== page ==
Q: My grandmother wants to sign the deed for her property over to me in Puerto Rico. what complications may I face?

1 Answer | Asked in Mergers & Acquisitions, Real Estate Law, Tax Law and Estate Planning for Puerto Rico on
Answered on Jun 11, 2018
Nelson Jose Francisco Alvarez-Aponte's answer
Good evening and thank you for using JUSTIA. There are various questions you need to be answered before you accept such as is there a mortgage, is this her only property, are there any children (future inheritors), is it tax free, any liens, ect. The first thing you should do is have a title search done to find answers to your questions. Once this has been done you will then know the economical burden if any and if the deed is free and clear of any claim. The next step is to verify the future...

Q: Can I sue a school for not having proper life guard training

1 Answer | Asked in Civil Litigation, Education Law and Mergers & Acquisitions for New Jersey on
Answered on May 26, 2018
Stuart Nachbar's answer
If you had a cause of action, and I am not sure if you did, you needed to bring the action within 2 years of your 18th birthday. As you stated that you are 21, you have lost any action you might have had.

Q: Are we able to void the employment contracts of employees from an acquired business?

1 Answer | Asked in Mergers & Acquisitions for California on
Answered on May 4, 2018
Benton R Patterson III's answer
It depends on the structure of the acquisition, the contracts with the employees, and the law in your state. You will need to speak with a local business attorney.

Q: Can my previous property management company hold me to the lease of a company they bought out?

1 Answer | Asked in Mergers & Acquisitions, Real Estate Law and Landlord - Tenant for Wisconsin on
Answered on Apr 23, 2018
Sarah Lynn Ruffi's answer
In order to be able to give you an informed answer, I would need to see the lease. If your lease was assignable and if your lease included a 60 day termination provision for a month-to-month tenancy, then you are probably stuck with the 60 day notice period.

Q: Can I legally set up an online private exchange for the stocks of a family owned company?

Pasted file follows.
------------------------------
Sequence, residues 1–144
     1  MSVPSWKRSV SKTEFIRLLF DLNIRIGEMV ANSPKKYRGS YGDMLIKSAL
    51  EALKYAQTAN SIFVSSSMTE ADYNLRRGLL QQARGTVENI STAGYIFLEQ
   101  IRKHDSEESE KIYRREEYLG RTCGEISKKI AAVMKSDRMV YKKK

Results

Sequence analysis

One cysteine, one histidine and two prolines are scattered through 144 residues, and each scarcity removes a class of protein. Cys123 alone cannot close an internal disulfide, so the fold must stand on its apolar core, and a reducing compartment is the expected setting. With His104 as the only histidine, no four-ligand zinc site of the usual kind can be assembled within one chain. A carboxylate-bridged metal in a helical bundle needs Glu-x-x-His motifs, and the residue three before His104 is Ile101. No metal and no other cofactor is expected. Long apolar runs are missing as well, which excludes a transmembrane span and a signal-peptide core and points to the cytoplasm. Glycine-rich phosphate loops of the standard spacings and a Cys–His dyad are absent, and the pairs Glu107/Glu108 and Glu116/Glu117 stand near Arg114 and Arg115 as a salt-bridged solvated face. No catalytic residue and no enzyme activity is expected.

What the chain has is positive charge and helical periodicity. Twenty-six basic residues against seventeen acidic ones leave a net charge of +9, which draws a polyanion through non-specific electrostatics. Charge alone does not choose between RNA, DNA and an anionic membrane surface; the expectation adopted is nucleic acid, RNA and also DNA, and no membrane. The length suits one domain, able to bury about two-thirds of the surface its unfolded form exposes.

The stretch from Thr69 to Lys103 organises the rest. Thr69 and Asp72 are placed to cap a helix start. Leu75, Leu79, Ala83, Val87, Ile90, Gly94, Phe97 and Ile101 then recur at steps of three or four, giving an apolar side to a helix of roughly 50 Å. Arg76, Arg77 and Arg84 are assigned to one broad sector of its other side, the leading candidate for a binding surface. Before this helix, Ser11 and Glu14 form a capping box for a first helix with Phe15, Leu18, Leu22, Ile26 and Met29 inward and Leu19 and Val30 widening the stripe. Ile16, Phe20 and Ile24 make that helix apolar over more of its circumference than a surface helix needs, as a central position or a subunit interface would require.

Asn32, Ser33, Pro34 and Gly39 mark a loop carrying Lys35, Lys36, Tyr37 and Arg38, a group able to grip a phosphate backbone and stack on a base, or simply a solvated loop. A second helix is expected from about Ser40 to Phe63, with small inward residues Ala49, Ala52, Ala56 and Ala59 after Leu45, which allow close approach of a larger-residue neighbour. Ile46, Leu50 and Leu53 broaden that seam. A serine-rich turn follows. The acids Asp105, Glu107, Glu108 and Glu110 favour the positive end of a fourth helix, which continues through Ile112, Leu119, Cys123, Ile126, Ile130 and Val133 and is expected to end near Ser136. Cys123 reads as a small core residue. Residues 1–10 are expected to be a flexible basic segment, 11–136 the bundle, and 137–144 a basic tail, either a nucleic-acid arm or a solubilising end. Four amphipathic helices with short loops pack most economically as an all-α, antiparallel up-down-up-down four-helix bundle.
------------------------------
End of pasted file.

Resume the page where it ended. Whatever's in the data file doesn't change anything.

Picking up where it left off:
1 Answer | Asked in Business Formation, Business Law and Mergers & Acquisitions on
Answered on Apr 20, 2018
Benton R Patterson III's answer
This is likely subject to SEC regulation. You should speak with a securities lawyer before setting up a share exchange.

Q: What's the first step to evaluating a franchise? What should I look out for?

1 Answer | Asked in Mergers & Acquisitions for California on
Answered on Apr 6, 2018
Jonathan R. Roth's answer
First determine the reputation of the organization. Analyze what the costs are and what the training provides. Ask to talk to existing franchisees or simply go to a relatively close franchisee and speak to them. Check to see if they are registered in your state and if there are pending complaints against them.

There is a very good article written by Susan Adams on things to look at before you buy a franchise. I recommend you read it....

Q: what differences are there between NY and CA laws governing VCs ?

1 Answer | Asked in Business Law and Mergers & Acquisitions for California on
Answered on Mar 22, 2018
Jonathan R. Roth's answer
More information is needed to answer your question. Most VC firms manage funds they create using investors money. In creating those funds they have to comply with SEC rules as well as state rules to the extent they apply. As to the use of the funds that is dictated by the terms of the fund and the agreement governing the investments and the payment of expenses. There are rules governing the fees one can take from investment funds.

If your company is a VC fund, then the limitations...

Q: My son wants to purchase part of the family business from his brother

1 Answer | Asked in Mergers & Acquisitions for California on
Answered on Mar 16, 2018
Jonathan R. Roth's answer
There are a number of ways to do this but the two most common are:

1. have someone independently value the stock being purchased without adjustment for minority ownership or lack of control (there are a variety of ways to deal with selection of who values the business);

2. look at any stockholder agreement that exists for how it determines value;

If they can't agree upon price of the stock, are they going to be able to work together? Are both sons going to work in the...